Hard alpinism in the Cordillera Huayhuash endures as the climate changes the routes.
All photos by Drew Smith
In July 2022, Vince Anderson and I climbed the unfinished Italian route, Suerte, to the summit of Jirishanca in Peru. Originally climbed to the ridge in 2003, the route has difficulties from 5.13a to M7 and WI6, with what Vince calls “lots of psychedelic snow-climbing.”
I first traveled to Jirishanca in 2015 as a new dad looking for challenging, technical climbing on a big mountain that didn’t require the time, expense or logistical hurdles of the Himalaya. Jirishanca had uniquely hard free climbing in every genre, low objective hazard and a relatively short and inexpensive approach from the States. Of course, the mountain didn’t care that I was smitten and put up quite the fight. After getting turned away by miserable conditions in 2015 and 2018, and getting agonizingly close in 2019, the conditions, weather and strength of the team finally coalesced last year.
Jirishanca was the last of the 20,000-foot (6,000-meter) peaks in the Cordillera Huayhuash to be climbed. An Austrian team, led by Toni Egger, completed the first ascent in 1957. (Yes, the same Toni Egger of the Cerro Torre controversy.) Given the climbing gear of the time, their ascent was extraordinary: Crampons were all nonrigid, strap-on models back then, and steep ice had to be climbed by chopping steps.
That said, after studying photographs taken during the Austrians’ first ascent over 60 years ago, it seems the upper portion of the mountain has transformed from a wide, low-angle snow ridge into a series of steep, complex ice roofs, snow mushrooms and rock steps.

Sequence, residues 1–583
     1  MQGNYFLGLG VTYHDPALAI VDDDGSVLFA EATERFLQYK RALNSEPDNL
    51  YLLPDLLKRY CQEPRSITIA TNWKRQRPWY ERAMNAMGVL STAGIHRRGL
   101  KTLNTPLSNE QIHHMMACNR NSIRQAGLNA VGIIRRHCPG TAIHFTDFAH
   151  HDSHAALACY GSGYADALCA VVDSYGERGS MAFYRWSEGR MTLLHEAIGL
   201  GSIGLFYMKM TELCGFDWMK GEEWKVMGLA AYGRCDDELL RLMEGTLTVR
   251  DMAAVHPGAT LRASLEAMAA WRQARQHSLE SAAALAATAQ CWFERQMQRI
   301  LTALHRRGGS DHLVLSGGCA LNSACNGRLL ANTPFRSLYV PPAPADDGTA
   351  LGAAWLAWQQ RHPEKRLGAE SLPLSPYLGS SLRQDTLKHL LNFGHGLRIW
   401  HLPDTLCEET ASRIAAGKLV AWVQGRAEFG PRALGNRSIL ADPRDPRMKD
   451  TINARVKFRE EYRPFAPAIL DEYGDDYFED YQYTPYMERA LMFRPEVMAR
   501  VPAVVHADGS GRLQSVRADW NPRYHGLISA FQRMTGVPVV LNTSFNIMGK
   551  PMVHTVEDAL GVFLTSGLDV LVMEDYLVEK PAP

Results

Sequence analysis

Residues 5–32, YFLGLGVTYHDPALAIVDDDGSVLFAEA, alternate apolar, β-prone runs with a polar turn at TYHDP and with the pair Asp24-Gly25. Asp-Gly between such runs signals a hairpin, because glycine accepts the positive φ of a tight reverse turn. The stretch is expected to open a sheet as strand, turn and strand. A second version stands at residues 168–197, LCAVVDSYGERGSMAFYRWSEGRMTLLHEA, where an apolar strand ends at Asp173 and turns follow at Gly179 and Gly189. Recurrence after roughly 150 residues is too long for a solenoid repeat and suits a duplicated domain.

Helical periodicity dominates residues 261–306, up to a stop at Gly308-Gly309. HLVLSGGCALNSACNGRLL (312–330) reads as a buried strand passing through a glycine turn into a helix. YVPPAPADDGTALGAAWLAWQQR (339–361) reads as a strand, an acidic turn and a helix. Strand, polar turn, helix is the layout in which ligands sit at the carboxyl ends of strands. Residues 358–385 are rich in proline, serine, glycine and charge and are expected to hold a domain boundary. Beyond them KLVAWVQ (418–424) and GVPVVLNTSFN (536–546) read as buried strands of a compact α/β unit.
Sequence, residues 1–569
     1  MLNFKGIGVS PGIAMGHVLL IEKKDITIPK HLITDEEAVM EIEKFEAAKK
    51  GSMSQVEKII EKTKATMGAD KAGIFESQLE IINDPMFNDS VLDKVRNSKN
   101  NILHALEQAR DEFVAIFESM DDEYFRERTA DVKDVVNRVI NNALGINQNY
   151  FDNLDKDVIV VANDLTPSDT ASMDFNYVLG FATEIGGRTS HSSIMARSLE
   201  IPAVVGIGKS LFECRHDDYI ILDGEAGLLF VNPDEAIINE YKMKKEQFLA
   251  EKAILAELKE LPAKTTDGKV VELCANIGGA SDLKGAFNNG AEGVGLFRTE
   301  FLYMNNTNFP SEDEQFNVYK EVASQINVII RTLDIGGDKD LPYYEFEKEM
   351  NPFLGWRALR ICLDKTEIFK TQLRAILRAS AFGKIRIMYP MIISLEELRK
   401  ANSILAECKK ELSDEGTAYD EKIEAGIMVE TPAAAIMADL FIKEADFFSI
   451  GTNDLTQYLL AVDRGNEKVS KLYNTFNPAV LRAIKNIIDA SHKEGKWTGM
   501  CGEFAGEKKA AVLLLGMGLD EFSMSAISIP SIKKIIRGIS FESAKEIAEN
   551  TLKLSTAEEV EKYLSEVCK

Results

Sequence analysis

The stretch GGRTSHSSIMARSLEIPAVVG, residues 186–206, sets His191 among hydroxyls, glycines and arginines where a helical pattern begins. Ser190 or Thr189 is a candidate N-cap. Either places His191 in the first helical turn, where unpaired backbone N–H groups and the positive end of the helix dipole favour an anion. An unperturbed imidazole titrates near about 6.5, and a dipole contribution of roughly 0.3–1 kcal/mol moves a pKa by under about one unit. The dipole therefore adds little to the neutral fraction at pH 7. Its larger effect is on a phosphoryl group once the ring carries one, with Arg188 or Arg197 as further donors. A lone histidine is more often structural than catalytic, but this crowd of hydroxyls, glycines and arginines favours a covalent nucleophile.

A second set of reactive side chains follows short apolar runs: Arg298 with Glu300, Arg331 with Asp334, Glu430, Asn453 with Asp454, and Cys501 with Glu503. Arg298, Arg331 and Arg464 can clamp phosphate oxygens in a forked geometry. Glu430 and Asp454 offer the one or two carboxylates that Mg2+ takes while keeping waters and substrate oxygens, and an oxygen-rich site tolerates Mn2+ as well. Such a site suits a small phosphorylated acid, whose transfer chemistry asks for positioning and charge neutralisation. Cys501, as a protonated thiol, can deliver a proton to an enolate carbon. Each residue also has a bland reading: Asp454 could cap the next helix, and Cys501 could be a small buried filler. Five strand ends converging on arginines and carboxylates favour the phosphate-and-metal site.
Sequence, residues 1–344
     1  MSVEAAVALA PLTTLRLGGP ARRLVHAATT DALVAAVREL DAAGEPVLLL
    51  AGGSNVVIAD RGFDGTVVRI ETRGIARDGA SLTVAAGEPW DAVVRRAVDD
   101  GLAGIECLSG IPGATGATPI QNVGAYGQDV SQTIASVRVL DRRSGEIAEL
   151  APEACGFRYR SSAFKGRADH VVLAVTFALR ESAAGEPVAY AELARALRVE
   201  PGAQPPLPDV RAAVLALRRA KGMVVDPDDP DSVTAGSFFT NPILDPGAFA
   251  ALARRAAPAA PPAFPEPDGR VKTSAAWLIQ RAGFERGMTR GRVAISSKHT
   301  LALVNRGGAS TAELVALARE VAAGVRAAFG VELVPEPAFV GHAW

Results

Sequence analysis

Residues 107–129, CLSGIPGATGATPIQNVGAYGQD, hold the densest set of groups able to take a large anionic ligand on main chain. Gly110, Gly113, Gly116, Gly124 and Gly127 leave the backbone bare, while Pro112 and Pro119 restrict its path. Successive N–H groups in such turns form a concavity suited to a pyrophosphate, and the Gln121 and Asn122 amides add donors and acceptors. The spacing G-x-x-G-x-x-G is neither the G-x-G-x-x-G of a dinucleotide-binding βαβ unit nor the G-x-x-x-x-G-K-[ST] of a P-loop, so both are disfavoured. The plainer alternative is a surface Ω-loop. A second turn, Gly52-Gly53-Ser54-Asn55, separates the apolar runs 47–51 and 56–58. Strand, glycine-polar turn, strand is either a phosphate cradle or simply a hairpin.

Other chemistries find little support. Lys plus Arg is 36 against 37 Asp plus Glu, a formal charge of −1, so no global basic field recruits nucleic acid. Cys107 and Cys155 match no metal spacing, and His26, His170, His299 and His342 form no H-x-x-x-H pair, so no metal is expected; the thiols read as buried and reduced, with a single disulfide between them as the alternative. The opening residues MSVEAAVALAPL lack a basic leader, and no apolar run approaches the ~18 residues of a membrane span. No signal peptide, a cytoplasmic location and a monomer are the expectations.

This was the first climb I’ve done where it was painfully obvious that climate change has had a dramatic effect on the mountain. In the seven years that I made four trips to Jirishanca, we walked on less glacier to get to the base, found less ice through key passages and saw the dramatic upper ice roofs recede to reveal more and more chossy rock. This made the climbing harder in some places and easier in others, but it was always clear that things were changing very quickly. Given how close we came to the summit in 2019, and the fact that my travel to Peru was intimately linked with the mountain’s melting, I debated whether it was justifiable to return. In the end, the project proved too compelling to let go, but the experience has inspired changes. I’ve decided to travel less for climbing and look for inspiring objectives closer to home. I’ve also spent a considerable amount of time volunteering on a regenerative grazing farm. It’s not enough, but it’s something.
Josh Wharton lives in Estes Park, Colorado, with his family and six chickens led by a Machiavellian leghorn named Thor the Destroyer.
Vince Anderson lives in Grand Junction, Colorado, splitting his time as a “trad dad” of three boys and running his guide service, Skyward Mountaineering.
Drew Smith lives everywhere and nowhere, camera in hand, dirty